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Every filmmaker who has ever made a zombie movie has approached the monsters in different ways. Some prefer the slow, shambling type, while others portray them as Olympic sprinters. Some are completely mindless and driven only by basic impulse, while others actually show so intelligence and problem solving skills. Some go straight for the brain while others are more than happy to just tear up whatever organs are available. No two representations of zombies are ever completely identical, and that holds true in the upcoming World War Z.
Following a 20-minute footage screening last week, director Marc Forster gave his time to sit down with members of the press to talk about his upcoming movie and the undead monsters that live within it. Check out the conversation below in which the filmmaker discusses the zombie rules for World War Z, the drama surrounding the rewritten ending, the metaphor of overpopulation, and keeping tension at a constant high.
What kind of rules are there for the zombies, I mean, generally head shot will kill them, but here the bullets go anywhere…did you guys have any sort of rules?
No, the rules all say head shots kill them, but there’s a line in the movie also, which is not in here, but sort of, “spines are divine, but knees are just fine.” So, just basically, if you hit them in the knees, they start crawling or in the spine and so on, but it’s the same rules. Head shots kill them.
There’s a lot written about changes made to the third act and doing some reshooting of scenes. Sort of talk about what happened and what made it change.
Yeah, I mean, we shot the movie and put it together and we all felt the ending wasn’t what we wanted it to be and could be better. And we showed it to the studio and us as the filmmakers agreed and made a proposal and they agreed and we went back and did some additional shooting and we are really happy now with the result.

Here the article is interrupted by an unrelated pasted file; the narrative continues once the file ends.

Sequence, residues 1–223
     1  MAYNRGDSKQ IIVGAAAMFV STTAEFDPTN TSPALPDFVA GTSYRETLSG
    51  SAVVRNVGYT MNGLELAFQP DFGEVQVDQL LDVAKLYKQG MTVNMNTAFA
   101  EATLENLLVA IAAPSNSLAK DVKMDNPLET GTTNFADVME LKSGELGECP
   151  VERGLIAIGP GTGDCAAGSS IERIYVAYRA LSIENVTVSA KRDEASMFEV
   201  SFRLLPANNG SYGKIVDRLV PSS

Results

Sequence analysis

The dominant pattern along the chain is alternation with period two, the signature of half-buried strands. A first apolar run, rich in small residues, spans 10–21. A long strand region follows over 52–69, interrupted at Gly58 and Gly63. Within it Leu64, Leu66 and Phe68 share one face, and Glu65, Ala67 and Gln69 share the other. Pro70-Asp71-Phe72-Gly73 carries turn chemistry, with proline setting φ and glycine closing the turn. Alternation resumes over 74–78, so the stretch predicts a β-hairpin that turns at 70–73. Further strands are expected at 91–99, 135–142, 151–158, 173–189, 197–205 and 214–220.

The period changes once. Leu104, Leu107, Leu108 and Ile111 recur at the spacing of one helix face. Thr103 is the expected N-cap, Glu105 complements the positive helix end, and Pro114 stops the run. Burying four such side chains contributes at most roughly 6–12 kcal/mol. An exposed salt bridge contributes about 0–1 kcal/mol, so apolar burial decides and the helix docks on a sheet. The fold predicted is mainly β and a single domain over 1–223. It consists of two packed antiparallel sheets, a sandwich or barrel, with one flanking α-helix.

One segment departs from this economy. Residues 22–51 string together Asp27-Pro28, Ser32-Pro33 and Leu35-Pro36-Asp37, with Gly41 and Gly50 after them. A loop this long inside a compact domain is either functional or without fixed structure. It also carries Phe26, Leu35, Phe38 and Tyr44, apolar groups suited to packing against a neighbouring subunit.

Is it a big difference from the original?
I think towards the ending it’s a big difference, a different ending, yes. I prefer it. I think it’s more powerful and really works in the favor of the story.
So many zombie movies and especially stuff like The Walking Dead, we see these hero shots of the zombies, in zombie makeup and sometimes they have personalities that are lent to them, but this it seems like they are more like a force of nature. You don’t give too many identities to these people and the people who are turning into zombies. Do you have those moments or is it more like I said, a force of nature?
No, we do have those moments, but you didn’t see them in this version, but we do have these moments of identity with zombies, one on one as well, later in the film. But, at the same time, the idea was that the zombies came out of nature, sort of this flocking, swarming or sort of George Romero films of the 70’s where the zombies were such a great metaphor for consumerism. For me, the metaphor was more about overpopulation today and less and less resources and this swarming of them is almost like them going after the last resources, especially when the feeding frenzy starts.